Canola School: Identifying the new mystery midge

“Bottle”-shaped, galled flowers, which do not produce pods or seeds, are a known confirmed symptom of damage caused by this newly-found midge species (courtesy Dr. Boyd Mori, Agriculture and Agri-Food Canada)

Researchers with Agriculture and Agri-Food Canada are in the process of identifying and describing a tiny midge species that was first confirmed in canola fields in parts of Western Canada last year.

It’s not swede midge, as was previously thought. This new species belongs to the same Contarinia genus, but is more robust, has hairier wings and slight differences in antennae and genitalia compared to the swede midge.

A female of the yet-to-be-named midge species found in Western Canada (courtesy Dr. Boyd Mori, Agriculture and Agri-Food Canada)

And as of right now, it doesn’t have a name.

The first clue that this was a different species came when pheromone bait in traps failed to attract swede midge in Saskatchewan, but worked perfectly fine in Ontario, where swede midge is a significant pest, explains Meghan Vankosky, entomologist with Agriculture and Agri-Food Canada in Saskatoon, in this Canola School video.

From there, a closer look at the insect’s morphology and a molecular DNA test confirmed it wasn’t swede midge they were dealing with, she says.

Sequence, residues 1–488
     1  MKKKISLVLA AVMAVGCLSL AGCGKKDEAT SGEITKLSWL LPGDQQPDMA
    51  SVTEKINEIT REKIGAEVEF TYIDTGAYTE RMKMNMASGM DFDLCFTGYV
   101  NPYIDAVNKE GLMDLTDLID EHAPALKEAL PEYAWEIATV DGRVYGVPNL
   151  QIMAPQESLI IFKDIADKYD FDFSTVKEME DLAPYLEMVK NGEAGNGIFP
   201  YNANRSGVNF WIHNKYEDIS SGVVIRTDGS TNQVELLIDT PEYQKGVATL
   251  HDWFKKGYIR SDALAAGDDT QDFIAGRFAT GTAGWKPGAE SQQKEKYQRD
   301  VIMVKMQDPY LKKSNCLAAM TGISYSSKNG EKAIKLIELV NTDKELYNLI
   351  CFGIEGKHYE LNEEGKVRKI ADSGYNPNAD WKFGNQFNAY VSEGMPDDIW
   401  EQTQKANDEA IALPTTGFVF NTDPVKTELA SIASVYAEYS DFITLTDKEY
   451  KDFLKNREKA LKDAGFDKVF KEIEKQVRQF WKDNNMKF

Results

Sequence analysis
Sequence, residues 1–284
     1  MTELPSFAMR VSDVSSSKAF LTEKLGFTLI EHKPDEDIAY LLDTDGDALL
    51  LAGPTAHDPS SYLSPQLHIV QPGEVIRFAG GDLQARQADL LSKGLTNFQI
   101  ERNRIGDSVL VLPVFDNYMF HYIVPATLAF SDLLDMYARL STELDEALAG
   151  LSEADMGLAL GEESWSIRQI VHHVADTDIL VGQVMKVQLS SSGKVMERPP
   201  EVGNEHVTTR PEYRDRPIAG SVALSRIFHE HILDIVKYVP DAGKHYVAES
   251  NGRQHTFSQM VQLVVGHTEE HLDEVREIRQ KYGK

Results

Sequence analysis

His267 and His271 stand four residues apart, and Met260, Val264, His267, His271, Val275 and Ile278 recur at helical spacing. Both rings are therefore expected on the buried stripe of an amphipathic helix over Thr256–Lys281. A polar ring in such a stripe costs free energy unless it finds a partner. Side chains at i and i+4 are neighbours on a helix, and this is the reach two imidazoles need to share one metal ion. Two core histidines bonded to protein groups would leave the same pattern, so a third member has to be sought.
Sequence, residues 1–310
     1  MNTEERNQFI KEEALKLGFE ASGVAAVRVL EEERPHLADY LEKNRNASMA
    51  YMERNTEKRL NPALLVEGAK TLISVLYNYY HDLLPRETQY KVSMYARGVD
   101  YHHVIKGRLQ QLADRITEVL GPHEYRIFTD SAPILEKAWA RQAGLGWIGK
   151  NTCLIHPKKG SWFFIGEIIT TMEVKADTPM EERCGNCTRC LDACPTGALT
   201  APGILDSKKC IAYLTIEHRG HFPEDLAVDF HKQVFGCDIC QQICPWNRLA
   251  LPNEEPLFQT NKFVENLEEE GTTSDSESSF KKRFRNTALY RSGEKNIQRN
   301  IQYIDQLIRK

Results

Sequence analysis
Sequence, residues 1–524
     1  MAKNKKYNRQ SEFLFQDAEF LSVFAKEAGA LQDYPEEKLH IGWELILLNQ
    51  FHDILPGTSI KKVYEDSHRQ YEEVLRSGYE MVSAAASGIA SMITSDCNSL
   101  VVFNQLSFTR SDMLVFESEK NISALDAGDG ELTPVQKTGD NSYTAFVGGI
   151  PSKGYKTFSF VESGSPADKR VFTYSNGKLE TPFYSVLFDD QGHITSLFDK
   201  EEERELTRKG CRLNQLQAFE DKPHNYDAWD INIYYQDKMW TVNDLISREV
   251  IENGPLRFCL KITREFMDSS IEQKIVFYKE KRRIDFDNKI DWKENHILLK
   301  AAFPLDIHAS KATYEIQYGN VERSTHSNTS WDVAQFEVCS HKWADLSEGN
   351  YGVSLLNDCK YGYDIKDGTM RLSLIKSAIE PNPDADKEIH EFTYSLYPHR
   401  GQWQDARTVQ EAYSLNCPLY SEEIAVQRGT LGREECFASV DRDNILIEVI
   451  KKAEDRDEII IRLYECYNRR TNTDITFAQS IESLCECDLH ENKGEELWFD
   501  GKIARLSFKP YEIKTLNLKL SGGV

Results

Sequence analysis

Vankosky’s colleague at the Saskatoon Research and Development Centre, Boyd Mori, is currently working on a publication to identify and give this mystery midge species a scientific name.

“Once that publication is out, then we can actually talk about it in terms of a name,” she notes.

(courtesy Dr. Boyd Mori, Agriculture and Agri-Food Canada)

In the meantime, they’re trying to determine where this midge species is found on the Prairies and what kind of impact it might have on canola production and yields. The only confirmed symptom of damage is “bottle”-shaped, galled flowers, which do not produce pods or seeds (see above and left), caused by larvae feeding on growing points.

Swede midge was first identified in Saskatchewan in 2007, but as Vankosky notes, it has not been detected in the last few years, leading to the possibility that damage thought to be from swede midge may have actually been caused by this newly-discovered midge species.

Check out this Canola School episode, filmed at the 2017 Canola Discovery Forum in Saskatoon, for the latest on this yet-to-be-named midge species:

 

RealAgriculture Agronomy Team

A team effort of RealAgriculture videographers and editorial staff to make sure that you have the latest in agronomy information for your farm.

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